Tackling inappropriate marketing of milk-substitutes

In November 2016, the United Nation made a statement on the urgency for countries to support, promote, and protect breastfeeding. 

Breastfeeding is essential for the health of children and mothers. It protects the baby from infections and diseases, and helps the cognitive development and intelligence of the infant. However, many concerns rise around the lack of improvements made in increasing exclusive breastfeeding rates globally. 

The World Health Organisation (WHO) recommends that mothers exclusively breastfeed their babies for the first 6 months of life and feed them with complementary food up to the first 2 years of age. It has been proven that breastfeeding prevents infections and protects against obesity. Despite the evidence, only the 37% of children in low and middle-income countries are exclusively breastfed. 

Natural milk contains hormones, micronutrients and growth factors. It is natural and with no cost. It is clean and helps with prevention of infections. If it definitely creates positive impacts on maternal and newborn health, why are we still struggling in reaching the best global rates? What is stopping mothers from breastfeeding their babies?

Fear of prejudices, strong cultural inheritance, and lack of support when a small issue or concern on breastfeeding becomes a big problem for a mother in need. But also a dense and well rooted system of interests behind the market of breast-milk substitutes. Inappropriate marketing of breast-milk substitutes and of other food intended for babies is considered to create misleading or lacking information about exclusive breastfeeding. 

Ending inappropriate marketing of breast-milk substitutes has been proclaimed as one of the actions that countries could take to drive progress on exclusive breastfeeding and raise its global rate to 50% before 2025.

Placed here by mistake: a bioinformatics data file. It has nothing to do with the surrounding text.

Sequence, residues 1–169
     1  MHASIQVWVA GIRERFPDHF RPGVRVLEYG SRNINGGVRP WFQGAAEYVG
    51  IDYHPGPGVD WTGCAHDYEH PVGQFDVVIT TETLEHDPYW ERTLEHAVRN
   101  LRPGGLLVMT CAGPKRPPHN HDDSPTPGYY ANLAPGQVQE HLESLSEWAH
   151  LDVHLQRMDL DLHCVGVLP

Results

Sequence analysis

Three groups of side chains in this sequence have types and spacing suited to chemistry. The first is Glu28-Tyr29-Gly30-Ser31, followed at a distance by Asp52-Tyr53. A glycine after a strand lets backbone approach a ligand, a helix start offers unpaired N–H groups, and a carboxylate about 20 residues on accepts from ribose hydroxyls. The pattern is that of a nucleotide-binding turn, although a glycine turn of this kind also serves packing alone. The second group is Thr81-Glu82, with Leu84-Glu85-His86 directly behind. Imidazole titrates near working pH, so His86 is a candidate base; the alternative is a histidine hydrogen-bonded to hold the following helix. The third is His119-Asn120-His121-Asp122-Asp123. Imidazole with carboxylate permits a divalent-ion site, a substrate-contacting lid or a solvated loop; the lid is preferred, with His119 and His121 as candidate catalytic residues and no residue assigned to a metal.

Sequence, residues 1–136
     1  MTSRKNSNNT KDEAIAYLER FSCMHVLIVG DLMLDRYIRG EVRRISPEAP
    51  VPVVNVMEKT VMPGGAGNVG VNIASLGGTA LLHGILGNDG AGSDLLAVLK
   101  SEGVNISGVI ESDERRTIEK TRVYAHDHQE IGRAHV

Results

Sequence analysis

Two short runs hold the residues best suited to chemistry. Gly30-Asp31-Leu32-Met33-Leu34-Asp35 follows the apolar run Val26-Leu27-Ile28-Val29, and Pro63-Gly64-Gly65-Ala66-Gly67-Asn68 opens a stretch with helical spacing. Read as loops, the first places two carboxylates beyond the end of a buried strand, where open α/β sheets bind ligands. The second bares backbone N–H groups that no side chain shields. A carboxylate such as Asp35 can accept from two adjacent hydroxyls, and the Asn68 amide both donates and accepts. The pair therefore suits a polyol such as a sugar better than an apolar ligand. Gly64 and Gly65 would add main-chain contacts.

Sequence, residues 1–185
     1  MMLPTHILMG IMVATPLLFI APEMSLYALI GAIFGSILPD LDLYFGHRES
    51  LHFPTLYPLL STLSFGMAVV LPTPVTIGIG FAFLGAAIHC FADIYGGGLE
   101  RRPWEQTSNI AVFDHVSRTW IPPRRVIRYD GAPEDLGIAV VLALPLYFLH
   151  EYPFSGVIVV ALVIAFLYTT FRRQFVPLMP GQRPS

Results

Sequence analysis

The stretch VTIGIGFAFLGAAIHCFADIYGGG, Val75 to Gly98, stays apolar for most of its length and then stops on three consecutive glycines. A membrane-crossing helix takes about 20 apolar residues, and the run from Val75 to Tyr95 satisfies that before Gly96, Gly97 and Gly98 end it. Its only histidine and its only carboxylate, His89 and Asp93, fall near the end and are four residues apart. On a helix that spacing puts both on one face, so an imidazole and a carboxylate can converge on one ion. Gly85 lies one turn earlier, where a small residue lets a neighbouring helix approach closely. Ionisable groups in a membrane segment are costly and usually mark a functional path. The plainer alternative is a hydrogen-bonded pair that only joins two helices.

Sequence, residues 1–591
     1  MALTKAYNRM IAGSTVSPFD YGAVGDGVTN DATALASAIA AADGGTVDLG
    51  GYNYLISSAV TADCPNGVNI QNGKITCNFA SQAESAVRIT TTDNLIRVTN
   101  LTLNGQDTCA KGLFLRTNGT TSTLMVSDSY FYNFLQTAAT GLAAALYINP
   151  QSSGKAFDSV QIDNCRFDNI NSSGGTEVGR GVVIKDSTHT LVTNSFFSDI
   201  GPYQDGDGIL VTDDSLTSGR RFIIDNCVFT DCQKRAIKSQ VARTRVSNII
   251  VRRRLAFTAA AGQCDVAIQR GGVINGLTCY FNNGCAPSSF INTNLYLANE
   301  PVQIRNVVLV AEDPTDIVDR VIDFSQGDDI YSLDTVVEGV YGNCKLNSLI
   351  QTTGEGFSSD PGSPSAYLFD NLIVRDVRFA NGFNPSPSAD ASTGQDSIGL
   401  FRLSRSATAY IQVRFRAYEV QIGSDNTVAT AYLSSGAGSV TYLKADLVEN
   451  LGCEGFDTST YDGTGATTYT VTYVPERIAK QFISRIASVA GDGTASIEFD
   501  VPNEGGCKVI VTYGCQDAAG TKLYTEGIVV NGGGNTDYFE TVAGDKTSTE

The International Code of Marketing for Breast-milk substitutes has been approved since 1981 to address the issue, and was recently updated in 2016. It covers things like the advertising of infant formula, complementary food, feeding bottles, teats, and pacifiers.

It gives disposition on the disseminated information on breastfeeding and milk-substitutes products. It prohibits health workers and facilities to actively promote the use of substitutive products. As of March 2016, 135 out of 194 countries had some form of legal measure in place covering some provisions of the Code. 

What is the legal status of the code and to what extent the Code provisions have been incorporated into the national legal systems?  

In Kenya, the code has been fully integrated into the country's legal system. In 2012, the Parliament passed the Breast Milk Substitutes Regulation and Control committing to adopt recommendations put forward in the WHO International Code.

But still a lot needs to be done to educate mothers. It’s a long way for Kenya to make sure that the benefits and superiority of breastfeeding, as well as the negative effects of breastfeeding of bottle-feeding become well-known.

At the same time, the country has made a clear point in favour of the prohibition of promotion to health workers and facilities of milk-substitutes. And this is far more relevant than anything else: right before or after the delivery, the woman finds herself to trust the people surrounding her; this could make her more vulnerable to some information. This is why more control on who is promoting what is essential. 

Low and middle incomes countries have truly made more efforts towards the implementation of the code: breastfeeding is simply the cheapest and safer way to support the baby. Tanzania  has a more comprehensive and organic adoption of the code.  

Formula milk and other substitutes should not be seen has the enemy to fight though. They can be useful in certain occasions. For example, they can are valuable when factors influence the disposition of a mother to breastfeed.

Disappointingly, in many countries milk-substitutes seem to be the only choice a mother has and their marketing is often misleading, aggressive and inappropriate.

In Nigeria, prohibiting the promotion of formula or milk substitutes through a direct contact with mothers has not been integrated as one of the legal measures. 

Breastfeeding is natural, positive and safe for babies and mothers and it is human right issue that should be protected.

Let’s all take action to achieve the WHO and UNICEF global target of exclusive breastfeeding of 50% by 2025!  

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